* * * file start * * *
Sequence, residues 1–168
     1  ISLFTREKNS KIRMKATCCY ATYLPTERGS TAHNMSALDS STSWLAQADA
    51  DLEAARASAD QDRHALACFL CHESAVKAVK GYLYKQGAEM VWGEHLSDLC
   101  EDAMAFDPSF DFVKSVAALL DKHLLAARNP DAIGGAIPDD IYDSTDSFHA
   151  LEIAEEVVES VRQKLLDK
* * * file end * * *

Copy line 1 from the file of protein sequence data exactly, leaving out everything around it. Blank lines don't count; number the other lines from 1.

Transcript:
Sequence, residues 1–168